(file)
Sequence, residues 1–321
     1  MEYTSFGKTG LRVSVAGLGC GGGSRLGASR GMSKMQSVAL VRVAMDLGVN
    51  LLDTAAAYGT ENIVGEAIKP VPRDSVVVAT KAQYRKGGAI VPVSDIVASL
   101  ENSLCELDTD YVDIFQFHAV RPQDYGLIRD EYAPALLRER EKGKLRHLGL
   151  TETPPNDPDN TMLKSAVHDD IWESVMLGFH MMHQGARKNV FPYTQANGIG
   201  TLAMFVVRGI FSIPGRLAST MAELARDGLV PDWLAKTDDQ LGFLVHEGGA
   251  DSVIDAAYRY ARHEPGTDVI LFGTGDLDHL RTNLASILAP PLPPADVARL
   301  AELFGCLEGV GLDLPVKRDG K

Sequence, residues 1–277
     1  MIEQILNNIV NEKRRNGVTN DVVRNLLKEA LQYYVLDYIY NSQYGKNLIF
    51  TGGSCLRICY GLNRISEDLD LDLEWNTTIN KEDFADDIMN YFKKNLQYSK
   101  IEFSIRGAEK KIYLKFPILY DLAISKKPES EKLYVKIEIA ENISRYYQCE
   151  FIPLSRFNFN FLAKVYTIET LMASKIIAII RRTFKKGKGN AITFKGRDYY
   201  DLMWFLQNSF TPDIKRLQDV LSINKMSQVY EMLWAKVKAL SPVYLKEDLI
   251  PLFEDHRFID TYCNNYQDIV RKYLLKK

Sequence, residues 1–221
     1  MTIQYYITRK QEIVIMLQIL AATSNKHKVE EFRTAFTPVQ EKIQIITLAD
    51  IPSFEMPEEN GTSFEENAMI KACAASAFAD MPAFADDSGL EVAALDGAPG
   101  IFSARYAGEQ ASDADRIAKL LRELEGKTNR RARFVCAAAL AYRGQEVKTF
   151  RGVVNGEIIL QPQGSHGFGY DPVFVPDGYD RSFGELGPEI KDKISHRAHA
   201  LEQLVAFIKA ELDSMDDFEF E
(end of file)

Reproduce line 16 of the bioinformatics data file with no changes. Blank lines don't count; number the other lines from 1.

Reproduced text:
Sequence, residues 1–221